Michael White, a retired US Navy seaman, is shown in his military uniform in this undated image. Photo: Joanne White via AP
ERBIL, Kurdistan Region — An Iranian court sentenced a US Navy veteran to 10 years in prison for insulting the country’s Supreme Leader and posting a private picture.
Michael White, 46, was arrested last July while visiting his girlfriend in the northeastern city of Mashhad. White’s lawyer said on Saturday that his client was sentenced to two years for insulting the Supreme Leader Ayatollah Ali Khamenei and 10 years for posting a private picture with an Iranian woman. He would serve the two sentences handed out on March 6 and March 9, concurrently.
“Michael traveled to Iran with a valid Iranian visa to visit a woman with whom he had fallen in love — his visits were solely for that purpose,” the family’s said in a statement
The dispute over Iran nuclear program is at the heart of the US government tough position towards Iran influencing judicial proceeding in both countries. Washington and Tehran agreed
to swap a number of prisoners in the aftermath of the Nuclear Deal signed in 2015.
However as President Donald Trump upped the ante by unilaterally withdrawing from the Nuclear Deal and reinstating economic sanctions, Tehran appears to have toughened its position too.
Mark Zaid, the lawyer representing the former marine cook confirmed the news to AFP in an email on Saturday. "We remain very concerned about his health as he has pre-existing medical conditions but we've been informed he appears to be in a good state at the moment," Zaid said.
White was arrested last July while visiting an Iranian woman. He served 13 years in the US Navy. He joins three other Americans imprisoned in Iran: businessman Siamak Namazi, former UNICEF diplomat Baquer Namazi, and doctorate candidate Xiyue Wang.
Jason Rezaian, the Washington Post reporter in Tehran who spent 544 days in detention and was released as Obama administration lifted the sanction in early 2016 as part of the nuclear deal believes that there is little hope for the Americans currently imprisoned in Iran.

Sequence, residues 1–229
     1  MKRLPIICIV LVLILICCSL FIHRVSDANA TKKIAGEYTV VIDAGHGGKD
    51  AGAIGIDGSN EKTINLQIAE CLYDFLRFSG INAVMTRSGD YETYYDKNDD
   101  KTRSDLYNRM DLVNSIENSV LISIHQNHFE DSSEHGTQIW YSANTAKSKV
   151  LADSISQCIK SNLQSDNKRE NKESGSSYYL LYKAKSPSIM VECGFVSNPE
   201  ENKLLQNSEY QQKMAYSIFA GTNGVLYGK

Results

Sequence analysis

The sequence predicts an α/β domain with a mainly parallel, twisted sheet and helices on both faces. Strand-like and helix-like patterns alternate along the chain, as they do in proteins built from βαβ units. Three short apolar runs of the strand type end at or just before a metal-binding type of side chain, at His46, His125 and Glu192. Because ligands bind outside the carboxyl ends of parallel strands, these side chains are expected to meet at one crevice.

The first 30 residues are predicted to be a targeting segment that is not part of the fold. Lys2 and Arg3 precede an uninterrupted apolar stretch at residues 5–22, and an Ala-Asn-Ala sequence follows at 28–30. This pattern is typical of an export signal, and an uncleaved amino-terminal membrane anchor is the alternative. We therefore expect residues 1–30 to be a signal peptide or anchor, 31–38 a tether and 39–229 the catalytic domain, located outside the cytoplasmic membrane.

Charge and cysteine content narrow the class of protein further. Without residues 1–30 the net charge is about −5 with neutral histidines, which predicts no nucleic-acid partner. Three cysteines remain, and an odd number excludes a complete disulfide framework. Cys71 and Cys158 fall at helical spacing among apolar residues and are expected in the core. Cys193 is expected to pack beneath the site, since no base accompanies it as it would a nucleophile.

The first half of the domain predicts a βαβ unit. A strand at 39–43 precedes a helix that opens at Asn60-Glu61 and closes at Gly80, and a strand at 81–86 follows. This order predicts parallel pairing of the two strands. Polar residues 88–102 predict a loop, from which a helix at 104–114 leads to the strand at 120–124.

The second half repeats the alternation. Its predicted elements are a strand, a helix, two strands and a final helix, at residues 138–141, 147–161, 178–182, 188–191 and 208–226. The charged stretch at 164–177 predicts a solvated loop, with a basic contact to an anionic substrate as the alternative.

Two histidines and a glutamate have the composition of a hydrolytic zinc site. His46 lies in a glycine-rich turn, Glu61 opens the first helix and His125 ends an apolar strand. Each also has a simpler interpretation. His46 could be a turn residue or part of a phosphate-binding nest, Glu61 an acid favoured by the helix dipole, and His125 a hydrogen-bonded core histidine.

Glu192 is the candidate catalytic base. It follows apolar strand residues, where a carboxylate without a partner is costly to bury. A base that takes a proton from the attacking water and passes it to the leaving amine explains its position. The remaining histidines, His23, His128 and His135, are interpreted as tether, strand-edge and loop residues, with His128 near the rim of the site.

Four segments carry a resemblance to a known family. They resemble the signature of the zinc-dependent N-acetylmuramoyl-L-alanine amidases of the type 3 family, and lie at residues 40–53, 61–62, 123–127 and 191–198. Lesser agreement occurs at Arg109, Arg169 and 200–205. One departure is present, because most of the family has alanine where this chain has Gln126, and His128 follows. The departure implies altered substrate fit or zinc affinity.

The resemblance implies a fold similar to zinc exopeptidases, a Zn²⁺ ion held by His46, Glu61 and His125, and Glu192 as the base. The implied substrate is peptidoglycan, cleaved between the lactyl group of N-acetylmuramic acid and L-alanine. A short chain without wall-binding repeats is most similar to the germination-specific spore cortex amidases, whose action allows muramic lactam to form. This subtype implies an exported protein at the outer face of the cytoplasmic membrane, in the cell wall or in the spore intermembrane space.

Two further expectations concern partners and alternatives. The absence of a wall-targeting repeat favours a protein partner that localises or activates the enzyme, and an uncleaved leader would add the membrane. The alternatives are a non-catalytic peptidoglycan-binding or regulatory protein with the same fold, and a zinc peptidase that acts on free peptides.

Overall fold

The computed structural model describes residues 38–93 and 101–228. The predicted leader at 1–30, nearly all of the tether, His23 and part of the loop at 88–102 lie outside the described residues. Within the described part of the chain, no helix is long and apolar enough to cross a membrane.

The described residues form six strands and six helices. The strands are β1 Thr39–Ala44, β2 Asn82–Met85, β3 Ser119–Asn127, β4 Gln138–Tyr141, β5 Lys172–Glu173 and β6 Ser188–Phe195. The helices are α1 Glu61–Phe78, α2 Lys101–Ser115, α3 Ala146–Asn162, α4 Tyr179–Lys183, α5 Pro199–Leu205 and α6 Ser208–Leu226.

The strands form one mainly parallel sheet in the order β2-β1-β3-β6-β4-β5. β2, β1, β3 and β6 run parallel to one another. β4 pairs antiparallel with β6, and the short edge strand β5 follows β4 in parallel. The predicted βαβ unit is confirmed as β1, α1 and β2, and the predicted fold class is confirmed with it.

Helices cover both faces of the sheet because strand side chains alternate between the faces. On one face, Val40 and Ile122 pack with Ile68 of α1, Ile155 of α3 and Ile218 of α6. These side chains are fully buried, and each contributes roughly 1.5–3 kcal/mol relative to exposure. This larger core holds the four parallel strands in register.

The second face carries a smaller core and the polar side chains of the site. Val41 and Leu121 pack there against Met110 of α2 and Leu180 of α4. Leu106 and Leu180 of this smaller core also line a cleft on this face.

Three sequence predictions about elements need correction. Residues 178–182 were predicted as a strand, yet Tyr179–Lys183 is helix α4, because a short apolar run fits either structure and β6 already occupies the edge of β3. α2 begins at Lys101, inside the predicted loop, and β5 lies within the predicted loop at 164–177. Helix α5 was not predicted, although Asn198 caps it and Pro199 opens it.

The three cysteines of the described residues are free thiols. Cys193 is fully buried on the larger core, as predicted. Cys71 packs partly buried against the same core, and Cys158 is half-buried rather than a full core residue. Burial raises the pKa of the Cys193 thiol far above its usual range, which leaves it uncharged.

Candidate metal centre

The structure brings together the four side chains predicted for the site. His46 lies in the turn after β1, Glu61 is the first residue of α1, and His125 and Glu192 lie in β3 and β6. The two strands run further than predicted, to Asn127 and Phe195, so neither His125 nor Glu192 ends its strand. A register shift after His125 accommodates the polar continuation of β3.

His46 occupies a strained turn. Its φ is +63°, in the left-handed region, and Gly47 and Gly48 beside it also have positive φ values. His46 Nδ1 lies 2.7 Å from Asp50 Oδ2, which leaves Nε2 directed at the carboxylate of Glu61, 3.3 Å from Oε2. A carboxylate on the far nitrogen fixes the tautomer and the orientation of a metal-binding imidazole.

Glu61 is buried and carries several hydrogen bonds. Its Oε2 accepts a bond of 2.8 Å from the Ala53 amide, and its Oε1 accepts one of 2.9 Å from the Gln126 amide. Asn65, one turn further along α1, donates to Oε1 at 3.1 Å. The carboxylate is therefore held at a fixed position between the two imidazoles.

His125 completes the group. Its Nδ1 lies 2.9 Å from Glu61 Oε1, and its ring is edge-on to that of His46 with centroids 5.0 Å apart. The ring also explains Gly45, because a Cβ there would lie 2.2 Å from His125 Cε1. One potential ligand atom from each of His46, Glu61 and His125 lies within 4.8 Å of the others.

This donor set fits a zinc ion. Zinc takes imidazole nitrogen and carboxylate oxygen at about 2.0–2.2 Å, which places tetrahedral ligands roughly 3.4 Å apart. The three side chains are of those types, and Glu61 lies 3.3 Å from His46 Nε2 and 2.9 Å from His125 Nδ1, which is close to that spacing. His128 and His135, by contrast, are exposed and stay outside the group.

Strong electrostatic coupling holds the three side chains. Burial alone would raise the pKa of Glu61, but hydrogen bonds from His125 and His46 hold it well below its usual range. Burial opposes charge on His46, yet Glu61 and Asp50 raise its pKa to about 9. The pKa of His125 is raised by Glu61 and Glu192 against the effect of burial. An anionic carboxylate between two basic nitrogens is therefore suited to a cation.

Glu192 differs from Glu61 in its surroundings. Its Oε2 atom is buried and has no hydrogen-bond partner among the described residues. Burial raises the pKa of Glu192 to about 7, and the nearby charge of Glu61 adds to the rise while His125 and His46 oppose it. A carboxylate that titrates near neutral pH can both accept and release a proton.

“I had a year and a half of my life stolen from me, my story is one that has a fairly happy ending, and I don't see that ending coming about for people currently there,” Rezaian told
US News in February.
“The reason is that there is no mechanism for communicating with the Iranian regime. When we pulled out of the nuclear deal last summer, it effectively cut all contact with that government.”
One of the Americans who have disappeared without a trace in Iran since 2007 is the former FBI agent Robert Levinson. The Iranian side claim that Levinson is not in their custody.
“After three very different presidential administrations, we are no closer to bringing Bob home than when we started,” Christine Levinson, Levinson’s wife, said during her testimony, according to The New York Times. “We have nothing.”
In January, White’s mother said in an interview that his son was mistreated by prison guards in Iran but the spokesperson for the Iran’s Foreign Ministry denied
the charges and said that the American government was informed about White’s arrest via the Swiss embassy which represents US interest in the country.